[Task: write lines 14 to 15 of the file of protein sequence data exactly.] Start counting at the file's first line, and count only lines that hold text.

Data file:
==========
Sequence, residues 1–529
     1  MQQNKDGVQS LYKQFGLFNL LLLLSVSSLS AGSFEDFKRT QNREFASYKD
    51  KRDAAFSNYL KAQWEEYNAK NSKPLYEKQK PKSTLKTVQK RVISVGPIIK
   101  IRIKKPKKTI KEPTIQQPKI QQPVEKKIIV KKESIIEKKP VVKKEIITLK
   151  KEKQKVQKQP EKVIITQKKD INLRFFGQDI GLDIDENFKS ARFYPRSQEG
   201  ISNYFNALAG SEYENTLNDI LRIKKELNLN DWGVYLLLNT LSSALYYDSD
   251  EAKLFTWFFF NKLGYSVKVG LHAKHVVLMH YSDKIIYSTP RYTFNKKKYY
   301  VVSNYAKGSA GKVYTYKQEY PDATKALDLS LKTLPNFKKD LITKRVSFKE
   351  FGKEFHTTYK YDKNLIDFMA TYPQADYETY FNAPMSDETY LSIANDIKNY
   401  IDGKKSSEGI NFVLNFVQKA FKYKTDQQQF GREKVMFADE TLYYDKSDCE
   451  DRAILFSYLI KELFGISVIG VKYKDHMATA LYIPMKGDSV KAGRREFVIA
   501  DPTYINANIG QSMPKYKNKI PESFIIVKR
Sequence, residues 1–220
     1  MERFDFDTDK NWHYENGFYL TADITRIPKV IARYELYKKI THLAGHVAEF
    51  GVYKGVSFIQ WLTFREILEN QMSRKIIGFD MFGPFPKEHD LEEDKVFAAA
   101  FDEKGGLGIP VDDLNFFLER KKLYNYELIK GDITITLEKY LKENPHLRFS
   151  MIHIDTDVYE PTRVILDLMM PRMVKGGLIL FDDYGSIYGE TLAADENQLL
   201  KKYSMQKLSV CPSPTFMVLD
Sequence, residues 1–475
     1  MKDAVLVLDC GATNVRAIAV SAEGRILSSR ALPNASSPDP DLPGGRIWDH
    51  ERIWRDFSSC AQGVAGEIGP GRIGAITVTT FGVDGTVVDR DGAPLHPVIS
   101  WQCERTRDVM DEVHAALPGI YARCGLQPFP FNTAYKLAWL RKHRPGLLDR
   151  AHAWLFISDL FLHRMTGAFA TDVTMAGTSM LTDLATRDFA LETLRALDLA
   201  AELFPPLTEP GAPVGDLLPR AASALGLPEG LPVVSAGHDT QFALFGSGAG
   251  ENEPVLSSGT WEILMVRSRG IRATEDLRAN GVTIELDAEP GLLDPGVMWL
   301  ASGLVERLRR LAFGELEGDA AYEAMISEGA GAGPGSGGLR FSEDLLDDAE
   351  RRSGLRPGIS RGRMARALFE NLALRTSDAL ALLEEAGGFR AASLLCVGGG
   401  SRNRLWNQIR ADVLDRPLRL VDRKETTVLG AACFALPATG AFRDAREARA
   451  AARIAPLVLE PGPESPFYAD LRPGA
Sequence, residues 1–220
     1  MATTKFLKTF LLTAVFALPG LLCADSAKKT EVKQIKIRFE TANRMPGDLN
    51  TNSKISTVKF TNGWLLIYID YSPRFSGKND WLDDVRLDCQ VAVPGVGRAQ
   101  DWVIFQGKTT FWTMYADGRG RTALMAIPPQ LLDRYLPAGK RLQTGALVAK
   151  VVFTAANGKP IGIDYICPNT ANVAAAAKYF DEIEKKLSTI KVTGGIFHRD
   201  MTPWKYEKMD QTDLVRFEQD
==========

     1  MERFDFDTDK NWHYENGFYL TADITRIPKV IARYELYKKI THLAGHVAEF
    51  GVYKGVSFIQ WLTFREILEN QMSRKIIGFD MFGPFPKEHD LEEDKVFAAA